Like many of his U.S. press colleagues, New York Times foreign policy columnist Thomas L. Friedman has pronounced himself “unreservedly happy” about the Iraqi election of Jan. 30, adding: “You should be, too.”
But rather than pointing toward an exit for the United States from Iraq, the election may just be another mirage, hiding the fact that U.S. troops could be pulled in to Iraq’s long and bloody history of sectarian violence between Sunnis and Shiites.
Indeed, if the Sunni-based insurgency doesn’t give up in the months ahead, American soldiers could find themselves enmeshed in a long and brutal civil war, helping the Shiite majority crush the resistance of the Sunni minority. The Sunnis, who have long dominated Iraq, find themselves in a tight corner and may see little choice but to fight on.
The U.S. invasion of Iraq in March 2003 started the Sunnis’ reversal of fortune by ousting the Sunni-run government of Saddam Hussein. Since then, the armed resistance, based in the so-called Sunni Triangle, has represented the Sunnis’ reaction to their sharply diminished status as well as their resentment of the U.S.-led military occupation.
Now, the election has hardened this new reality of the Sunnis’ secondary role, leaving them a painful choice of either accepting Shiite domination of the country’s political system or challenging the powerful U.S. military in a guerrilla war that could turn many Sunni communities into smoking ruins like Fallujah.
Those troubling prospects represent a scenario that the U.S. news media has largely ignored. As Iraqis raised fingers stained with voting ink, American journalists scrambled over each other to climb on board George W. Bush’s bandwagon, again.
Just as the U.S. press corps feared challenging Bush during the WMD hysteria in fall 2002, the press corps treated the Iraqi election as an unquestioned success story, much as Friedman did in his column, titled “A Day to Remember.”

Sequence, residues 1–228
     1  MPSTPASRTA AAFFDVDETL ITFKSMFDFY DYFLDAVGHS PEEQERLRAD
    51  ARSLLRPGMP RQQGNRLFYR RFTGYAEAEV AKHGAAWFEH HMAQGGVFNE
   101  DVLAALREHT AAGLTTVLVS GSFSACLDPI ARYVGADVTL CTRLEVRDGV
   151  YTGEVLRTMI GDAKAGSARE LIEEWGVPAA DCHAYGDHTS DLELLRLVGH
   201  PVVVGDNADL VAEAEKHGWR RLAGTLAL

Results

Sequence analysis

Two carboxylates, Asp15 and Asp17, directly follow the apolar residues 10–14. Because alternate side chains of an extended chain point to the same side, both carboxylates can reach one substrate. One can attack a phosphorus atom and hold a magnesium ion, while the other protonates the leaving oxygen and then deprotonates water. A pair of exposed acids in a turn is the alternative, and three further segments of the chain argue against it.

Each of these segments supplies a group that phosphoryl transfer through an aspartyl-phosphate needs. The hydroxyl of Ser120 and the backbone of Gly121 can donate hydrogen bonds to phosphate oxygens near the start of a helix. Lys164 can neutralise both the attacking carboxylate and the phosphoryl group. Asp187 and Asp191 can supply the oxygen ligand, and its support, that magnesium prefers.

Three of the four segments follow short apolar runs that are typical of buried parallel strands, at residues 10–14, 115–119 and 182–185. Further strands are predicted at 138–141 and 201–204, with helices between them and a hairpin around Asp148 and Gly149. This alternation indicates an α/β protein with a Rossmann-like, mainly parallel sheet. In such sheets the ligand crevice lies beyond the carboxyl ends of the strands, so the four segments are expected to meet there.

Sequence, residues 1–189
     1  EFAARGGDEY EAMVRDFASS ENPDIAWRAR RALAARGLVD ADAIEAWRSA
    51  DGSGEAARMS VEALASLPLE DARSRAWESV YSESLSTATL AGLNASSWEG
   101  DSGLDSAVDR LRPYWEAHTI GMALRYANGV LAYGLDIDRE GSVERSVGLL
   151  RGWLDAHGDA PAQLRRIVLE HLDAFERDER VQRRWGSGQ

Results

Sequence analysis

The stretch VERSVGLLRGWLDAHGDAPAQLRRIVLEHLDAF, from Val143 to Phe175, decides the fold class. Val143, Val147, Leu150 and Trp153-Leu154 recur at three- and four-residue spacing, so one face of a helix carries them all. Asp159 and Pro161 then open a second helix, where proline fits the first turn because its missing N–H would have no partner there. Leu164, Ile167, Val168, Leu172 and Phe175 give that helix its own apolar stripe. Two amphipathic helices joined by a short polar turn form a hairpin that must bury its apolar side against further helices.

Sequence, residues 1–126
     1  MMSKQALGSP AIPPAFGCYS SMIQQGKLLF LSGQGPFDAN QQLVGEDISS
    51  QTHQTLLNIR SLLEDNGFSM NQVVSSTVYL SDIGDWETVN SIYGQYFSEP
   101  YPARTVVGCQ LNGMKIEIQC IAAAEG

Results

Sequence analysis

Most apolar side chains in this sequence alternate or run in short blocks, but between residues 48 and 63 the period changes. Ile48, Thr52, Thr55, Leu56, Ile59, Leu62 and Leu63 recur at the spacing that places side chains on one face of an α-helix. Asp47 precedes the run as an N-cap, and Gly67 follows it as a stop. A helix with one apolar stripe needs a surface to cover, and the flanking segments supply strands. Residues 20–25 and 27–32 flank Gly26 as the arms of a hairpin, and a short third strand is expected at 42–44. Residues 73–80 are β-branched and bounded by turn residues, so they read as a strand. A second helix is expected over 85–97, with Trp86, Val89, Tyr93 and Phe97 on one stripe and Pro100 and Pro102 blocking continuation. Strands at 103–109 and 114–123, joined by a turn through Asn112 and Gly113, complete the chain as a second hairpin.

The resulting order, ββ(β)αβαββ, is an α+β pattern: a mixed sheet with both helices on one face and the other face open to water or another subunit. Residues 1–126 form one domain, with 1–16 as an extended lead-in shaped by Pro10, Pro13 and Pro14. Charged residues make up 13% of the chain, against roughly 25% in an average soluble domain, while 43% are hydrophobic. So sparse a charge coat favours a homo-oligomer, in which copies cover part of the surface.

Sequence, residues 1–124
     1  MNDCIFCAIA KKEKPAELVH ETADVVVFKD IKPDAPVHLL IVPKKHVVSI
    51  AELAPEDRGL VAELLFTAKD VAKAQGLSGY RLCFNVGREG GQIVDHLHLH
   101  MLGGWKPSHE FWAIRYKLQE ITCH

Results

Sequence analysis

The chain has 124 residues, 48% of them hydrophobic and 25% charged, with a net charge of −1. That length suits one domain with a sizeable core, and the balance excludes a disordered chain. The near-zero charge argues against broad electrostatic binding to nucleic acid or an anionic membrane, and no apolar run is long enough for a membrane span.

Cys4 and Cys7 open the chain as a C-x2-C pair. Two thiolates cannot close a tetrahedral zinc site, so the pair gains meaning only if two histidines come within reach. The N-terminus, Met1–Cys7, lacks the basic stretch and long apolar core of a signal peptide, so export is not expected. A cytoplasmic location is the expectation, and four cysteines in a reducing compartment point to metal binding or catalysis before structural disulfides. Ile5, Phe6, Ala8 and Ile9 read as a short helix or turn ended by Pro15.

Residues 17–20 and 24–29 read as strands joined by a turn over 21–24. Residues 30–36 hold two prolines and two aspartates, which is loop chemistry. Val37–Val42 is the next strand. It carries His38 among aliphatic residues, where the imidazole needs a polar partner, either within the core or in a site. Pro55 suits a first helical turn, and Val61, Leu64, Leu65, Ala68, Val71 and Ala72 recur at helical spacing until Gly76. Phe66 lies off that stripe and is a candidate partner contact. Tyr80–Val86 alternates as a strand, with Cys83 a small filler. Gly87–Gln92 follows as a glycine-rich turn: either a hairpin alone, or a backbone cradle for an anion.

But, like those earlier examples of press acquiescence, the lack of skepticism about the real meaning of the Jan. 30 election carries potential dangers for Americans, especially if the triumphal Bush administration now starts dusting off its most ambitious plans for the Middle East. If that happens, the military disaster in Iraq, which has cost the lives of more than 1,400 American soldiers and tens of thousands of Iraqis, could be a prelude to catastrophes to come.
Indeed, many of the U.S. mistakes in Iraq can be traced to the American euphoria after the successful three-week U.S. military campaign that ousted Hussein in April 2003. Weeks later, Bush donned a flight suit, landed on a U.S. aircraft carrier returning home from Iraq and pronounced the end of major combat under a banner reading “Mission Accomplished.”
Then, instead of moving to hold the quick elections favored by retired Gen. Jay Garner, the first U.S. administrator in Iraq, Bush’s neoconservative advisers pushed to restructure Iraq’s economy by selling off government assets and adopting a “free market” model. A quick election might have given some legitimacy to a new Iraqi government and left less political space for insurgents to build their resistance to the U.S. occupation.
Reflecting these pumped-up ambitions, Garner’s replacement, Paul Bremer, put off Iraqi elections pending the drafting of a constitution. Over the next several months, however, the Bush administration’s ambitious economic schemes floundered, as the insurgency grew.
Eventually, faced with demands from Shiite cleric Grand Ayatollah Ali Sistani, U.S. officials agreed to accelerate the timetable for elections. By then, however, Sunni areas had become largely ungovernable. Many Sunni leaders urged a postponement of the election until better security could be arranged. But Shiite leaders, sensing certain victory, insisted on the scheduled election, as did President Bush, who had built up the election as a potential turning point in the Iraq war.
The election indeed did prove to be a public-relations boon for the Bush administration and a psychological setback for the insurgents. While much of the enthusiasm about the voting appears real, later reports indicated that many polling stations in Sunni areas were virtually deserted and others hadn’t gotten a full supply of ballots.
The election followed what should have been an anticipated course. The long-oppressed Shiite majority, expecting to gain the bulk of national power, voted in large numbers, as did the Kurds, who want either autonomy or outright independence. The Sunnis, the powerful minority who had the most to lose from the election, either boycotted or voted in low numbers.
Now, the question is whether the Sunnis will seek some post-election accommodation with the Shiites or will continue resisting the new U.S.-backed power structure. If they choose the latter, the election may end up locking the U.S. military into a long-term role as the military arm of a Shiite-dominated government waging a counterinsurgency war.